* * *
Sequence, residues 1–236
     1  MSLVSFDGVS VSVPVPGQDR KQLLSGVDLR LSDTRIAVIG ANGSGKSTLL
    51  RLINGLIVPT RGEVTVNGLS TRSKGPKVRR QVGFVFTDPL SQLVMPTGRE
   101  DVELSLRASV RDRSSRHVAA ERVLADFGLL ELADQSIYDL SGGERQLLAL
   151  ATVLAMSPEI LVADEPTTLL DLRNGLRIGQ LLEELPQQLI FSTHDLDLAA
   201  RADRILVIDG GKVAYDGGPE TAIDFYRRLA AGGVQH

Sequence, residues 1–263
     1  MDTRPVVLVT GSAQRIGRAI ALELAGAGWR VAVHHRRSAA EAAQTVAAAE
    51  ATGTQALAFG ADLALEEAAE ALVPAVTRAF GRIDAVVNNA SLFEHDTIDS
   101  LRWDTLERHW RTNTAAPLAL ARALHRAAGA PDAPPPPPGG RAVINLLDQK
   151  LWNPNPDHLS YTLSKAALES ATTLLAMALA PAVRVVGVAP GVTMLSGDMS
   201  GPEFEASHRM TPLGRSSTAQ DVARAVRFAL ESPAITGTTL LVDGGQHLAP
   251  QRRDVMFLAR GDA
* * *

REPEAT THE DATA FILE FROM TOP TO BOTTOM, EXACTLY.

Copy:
Sequence, residues 1–236
     1  MSLVSFDGVS VSVPVPGQDR KQLLSGVDLR LSDTRIAVIG ANGSGKSTLL
    51  RLINGLIVPT RGEVTVNGLS TRSKGPKVRR QVGFVFTDPL SQLVMPTGRE
   101  DVELSLRASV RDRSSRHVAA ERVLADFGLL ELADQSIYDL SGGERQLLAL
   151  ATVLAMSPEI LVADEPTTLL DLRNGLRIGQ LLEELPQQLI FSTHDLDLAA
   201  RADRILVIDG GKVAYDGGPE TAIDFYRRLA AGGVQH

Sequence, residues 1–263
     1  MDTRPVVLVT GSAQRIGRAI ALELAGAGWR VAVHHRRSAA EAAQTVAAAE
    51  ATGTQALAFG ADLALEEAAE ALVPAVTRAF GRIDAVVNNA SLFEHDTIDS
   101  LRWDTLERHW RTNTAAPLAL ARALHRAAGA PDAPPPPPGG RAVINLLDQK
   151  LWNPNPDHLS YTLSKAALES ATTLLAMALA PAVRVVGVAP GVTMLSGDMS
   201  GPEFEASHRM TPLGRSSTAQ DVARAVRFAL ESPAITGTTL LVDGGQHLAP
   251  QRRDVMFLAR GDA